Eric Schmidt & Apple Trade Tweaks on Google Now for iOS

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Google chairman Eric Schmidt and Apple have been tweaking each other over Google Now for iOS. In an interview, Mr. Schmidt suggested—but did not actually say—that Apple was in way keeping Google Now from being released on iOS, but Apple made the rare move of denying in public that Google had even submitted the app for App Store approval.

The curious case of coded comments started Thursday morning with Mr. Schmidt. At the Big Tent Summit taking place in India, the Googler was asked when the company's excellent Google Now would be coming to iOS.

“You’ll need to discuss that with Apple," Mr. Schmidt said, according to TechCrunch. “Apple has a policy of approving or disapproving apps that are submitted into its store, and some of them they approve and some of them they don’t.”

That's a fairly straight forward accusation. "You'll need to discuss that with Apple" does not directly say that Apple is holding up the app, but come on.

Eric Schmidt is a master wordsmith. Watching him speak and choose his words is like watching a Steve Jobs keynote through a silk veil at the tail end of a hallucinogenic trip*. Mr. Schmidt isn't charismatic like the late Steve Jobs was, and he doesn't have a reality distortion field, but he uses words to manipulate us every bit as much as Steve Jobs did with his presentations.

Eric Schmidt

Google Chairman Eric Schmidt
Original picture courtesy of Wikimedia Commons

This time it's extra curious, however. Mr. Schmidt tells us that Apple is holding up Google Now for iOS (again, without actually saying so), but Apple said that this wasn't actually the case. In fact, Apple said that Google Now has never been submitted to the App Store for approval.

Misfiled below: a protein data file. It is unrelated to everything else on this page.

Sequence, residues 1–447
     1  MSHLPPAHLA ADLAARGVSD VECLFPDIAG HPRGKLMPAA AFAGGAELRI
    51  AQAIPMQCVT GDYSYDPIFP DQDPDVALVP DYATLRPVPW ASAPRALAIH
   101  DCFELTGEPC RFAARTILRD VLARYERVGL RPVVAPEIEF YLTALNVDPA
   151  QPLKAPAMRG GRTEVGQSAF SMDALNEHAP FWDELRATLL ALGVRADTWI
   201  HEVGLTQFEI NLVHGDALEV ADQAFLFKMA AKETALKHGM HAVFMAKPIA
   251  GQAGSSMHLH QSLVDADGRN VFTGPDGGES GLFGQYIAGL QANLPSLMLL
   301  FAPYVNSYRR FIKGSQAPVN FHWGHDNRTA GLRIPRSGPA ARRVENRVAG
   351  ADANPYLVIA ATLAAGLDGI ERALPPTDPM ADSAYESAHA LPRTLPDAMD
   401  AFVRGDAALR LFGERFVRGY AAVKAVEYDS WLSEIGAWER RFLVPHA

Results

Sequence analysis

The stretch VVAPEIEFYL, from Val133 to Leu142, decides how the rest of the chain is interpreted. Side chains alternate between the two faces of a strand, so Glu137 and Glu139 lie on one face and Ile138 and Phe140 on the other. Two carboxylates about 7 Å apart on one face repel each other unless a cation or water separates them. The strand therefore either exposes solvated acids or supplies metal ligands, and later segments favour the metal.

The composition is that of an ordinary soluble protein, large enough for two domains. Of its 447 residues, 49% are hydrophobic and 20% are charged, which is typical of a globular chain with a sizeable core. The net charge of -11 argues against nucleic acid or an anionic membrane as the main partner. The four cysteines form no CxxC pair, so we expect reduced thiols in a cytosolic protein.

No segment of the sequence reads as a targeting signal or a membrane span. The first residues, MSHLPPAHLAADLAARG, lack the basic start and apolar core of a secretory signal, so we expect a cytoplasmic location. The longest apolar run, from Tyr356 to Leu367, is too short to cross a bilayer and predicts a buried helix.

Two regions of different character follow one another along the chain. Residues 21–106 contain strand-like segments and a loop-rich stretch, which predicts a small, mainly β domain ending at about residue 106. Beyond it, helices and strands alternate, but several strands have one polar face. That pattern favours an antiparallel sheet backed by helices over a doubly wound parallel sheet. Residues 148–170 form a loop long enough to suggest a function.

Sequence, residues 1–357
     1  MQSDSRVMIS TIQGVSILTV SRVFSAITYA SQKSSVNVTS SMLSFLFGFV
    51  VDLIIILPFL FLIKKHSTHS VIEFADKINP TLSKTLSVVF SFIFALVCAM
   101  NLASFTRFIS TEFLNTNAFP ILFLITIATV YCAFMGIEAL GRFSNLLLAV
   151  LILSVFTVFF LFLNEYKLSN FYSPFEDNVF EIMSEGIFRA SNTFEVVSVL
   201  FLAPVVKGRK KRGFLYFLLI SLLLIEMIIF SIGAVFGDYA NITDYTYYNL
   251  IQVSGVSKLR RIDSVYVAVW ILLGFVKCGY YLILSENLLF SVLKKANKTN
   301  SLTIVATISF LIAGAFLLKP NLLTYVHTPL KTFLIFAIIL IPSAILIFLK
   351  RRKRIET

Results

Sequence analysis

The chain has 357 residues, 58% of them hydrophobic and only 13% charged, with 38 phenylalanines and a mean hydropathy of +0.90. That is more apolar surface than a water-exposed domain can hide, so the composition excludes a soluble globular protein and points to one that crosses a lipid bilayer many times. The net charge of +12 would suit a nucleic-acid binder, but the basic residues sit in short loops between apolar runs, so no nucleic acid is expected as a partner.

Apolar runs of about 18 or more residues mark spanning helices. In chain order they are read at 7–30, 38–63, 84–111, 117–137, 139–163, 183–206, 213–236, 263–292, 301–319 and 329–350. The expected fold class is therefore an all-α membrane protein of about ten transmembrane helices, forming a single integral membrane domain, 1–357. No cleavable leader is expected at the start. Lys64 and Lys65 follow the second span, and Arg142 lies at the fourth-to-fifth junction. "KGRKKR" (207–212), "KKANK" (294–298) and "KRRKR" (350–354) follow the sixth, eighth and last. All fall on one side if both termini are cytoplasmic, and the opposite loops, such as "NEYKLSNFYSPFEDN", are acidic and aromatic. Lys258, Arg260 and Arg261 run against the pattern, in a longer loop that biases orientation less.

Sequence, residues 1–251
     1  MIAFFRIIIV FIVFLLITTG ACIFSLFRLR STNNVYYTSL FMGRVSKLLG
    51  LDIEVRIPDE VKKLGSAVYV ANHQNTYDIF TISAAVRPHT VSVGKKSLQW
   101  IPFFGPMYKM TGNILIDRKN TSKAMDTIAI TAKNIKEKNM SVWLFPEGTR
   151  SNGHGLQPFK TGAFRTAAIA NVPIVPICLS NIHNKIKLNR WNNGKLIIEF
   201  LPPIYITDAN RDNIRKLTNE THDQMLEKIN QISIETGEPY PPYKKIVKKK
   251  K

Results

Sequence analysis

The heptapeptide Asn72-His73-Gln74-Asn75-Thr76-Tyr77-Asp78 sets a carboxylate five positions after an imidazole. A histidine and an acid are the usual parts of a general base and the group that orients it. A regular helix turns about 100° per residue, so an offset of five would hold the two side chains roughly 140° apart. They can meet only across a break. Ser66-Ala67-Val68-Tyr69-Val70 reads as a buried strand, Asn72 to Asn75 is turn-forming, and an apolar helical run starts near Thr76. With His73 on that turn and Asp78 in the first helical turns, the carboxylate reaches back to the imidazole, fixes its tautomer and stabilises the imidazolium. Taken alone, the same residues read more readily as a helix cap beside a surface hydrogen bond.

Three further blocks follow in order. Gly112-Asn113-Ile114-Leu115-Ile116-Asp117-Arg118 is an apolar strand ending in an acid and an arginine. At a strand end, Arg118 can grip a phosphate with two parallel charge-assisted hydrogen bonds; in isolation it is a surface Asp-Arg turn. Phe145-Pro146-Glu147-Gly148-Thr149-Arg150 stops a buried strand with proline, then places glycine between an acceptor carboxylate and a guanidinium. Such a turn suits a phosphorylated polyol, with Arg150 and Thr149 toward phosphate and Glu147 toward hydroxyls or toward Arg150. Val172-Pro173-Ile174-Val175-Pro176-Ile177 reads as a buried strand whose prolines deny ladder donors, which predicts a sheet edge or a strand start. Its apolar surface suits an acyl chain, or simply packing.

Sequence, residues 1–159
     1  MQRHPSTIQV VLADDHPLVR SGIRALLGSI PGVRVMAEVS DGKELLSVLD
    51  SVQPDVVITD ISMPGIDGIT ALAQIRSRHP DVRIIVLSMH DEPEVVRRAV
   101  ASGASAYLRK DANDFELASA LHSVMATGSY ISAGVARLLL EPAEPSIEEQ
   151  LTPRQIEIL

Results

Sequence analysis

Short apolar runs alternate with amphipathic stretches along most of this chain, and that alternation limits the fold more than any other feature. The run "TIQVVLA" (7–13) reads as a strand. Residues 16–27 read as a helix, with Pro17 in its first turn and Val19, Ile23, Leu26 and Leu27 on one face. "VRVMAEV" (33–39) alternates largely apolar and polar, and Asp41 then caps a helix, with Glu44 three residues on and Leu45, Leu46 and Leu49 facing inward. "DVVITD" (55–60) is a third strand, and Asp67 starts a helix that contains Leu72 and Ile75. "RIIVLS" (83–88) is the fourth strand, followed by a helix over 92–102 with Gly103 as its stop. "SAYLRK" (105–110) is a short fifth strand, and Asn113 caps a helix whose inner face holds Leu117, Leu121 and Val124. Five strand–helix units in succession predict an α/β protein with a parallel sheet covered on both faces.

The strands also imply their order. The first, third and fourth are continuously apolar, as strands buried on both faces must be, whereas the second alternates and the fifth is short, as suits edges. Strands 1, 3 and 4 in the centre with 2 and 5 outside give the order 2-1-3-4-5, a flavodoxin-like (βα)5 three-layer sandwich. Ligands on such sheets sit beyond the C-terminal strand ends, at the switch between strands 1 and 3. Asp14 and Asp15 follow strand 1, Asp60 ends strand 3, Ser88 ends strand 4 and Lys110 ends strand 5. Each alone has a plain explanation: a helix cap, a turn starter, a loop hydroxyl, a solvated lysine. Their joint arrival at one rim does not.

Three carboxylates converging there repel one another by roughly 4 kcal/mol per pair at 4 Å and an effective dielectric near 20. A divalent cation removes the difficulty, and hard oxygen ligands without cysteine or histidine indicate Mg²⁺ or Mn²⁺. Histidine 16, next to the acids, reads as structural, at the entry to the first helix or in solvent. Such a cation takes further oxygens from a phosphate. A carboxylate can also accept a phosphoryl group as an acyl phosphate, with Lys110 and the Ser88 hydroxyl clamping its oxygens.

On Thursday afternoon, Apple PR told TechCrunch that Google hasn't submitted app and that Google Now isn't in the approval queue.

So what gives? Did Mr. Schmidt misspeak? Don't count on it. Eric Schmidt does not misspeak He says precisely what he wants to say when he wants to say it. Perhaps he was misinformed? That's certainly possible, but I don't believe it for a second.

I think a more likely answer is that Google wanted to exert a little public pressure on Apple ahead of the app's submission. I think Mr. Schmidt thought he could count on Apple's usual policy of not commenting on much of anything.

It's the same tactic Google employed ahead of the Google Maps submission to the App Store in the fall of 2012. The company let it be known that it submitted the app in September, and then in November let it be known it was still working on the app for submission later in the year, and besides, Apple wasn't going to approve it anyway.

In the end, it turned out the app was approved without much fuss in December, casting doubt in my mind of the original leaks about internal doubts on approval.

And here we are again. Mr. Schmidt is telling us to talk to Apple if we want Google Now for iOS (in case it's not clear, I think Google Now is pretty nifty), but his company hasn't even submitted it.

It sort of reminds me of the old adage, "Fool me once, shame on you. Fool me twice, shame on me." In the end, it seems a waste of time playing this kind of game. Submit the app. If Apple actually rejects it, tell the world. If it gets accepted, giddy up. That's more data for Google to collect, slice, dice, and sell.

*I only assume. I've never done hallucinogenics.

Comments

Lee Dronick

Maybe it would get approved if there was an Apple company officer on the Google Board of Directors.

RonMacGuy

LOL.  Very good, Lee.

wab95

The Schmidtster knoweth exactly what he sayeth.

However, for a bloke who advocates not being evil, he has penchant for showing up in some dodgy places that a certain former PODUS once characterised as part of the ‘axis of evil’ (North Korea, and now Burma/Myanmar).

Likely this reflects only his attempt at scouting untapped markets, and is not some growing fetish with bombastic military dictatorships that like to threaten their neighbours and hapless domestic minorities; although these regimes do like to gather data on their populations.

What say you, Eric?

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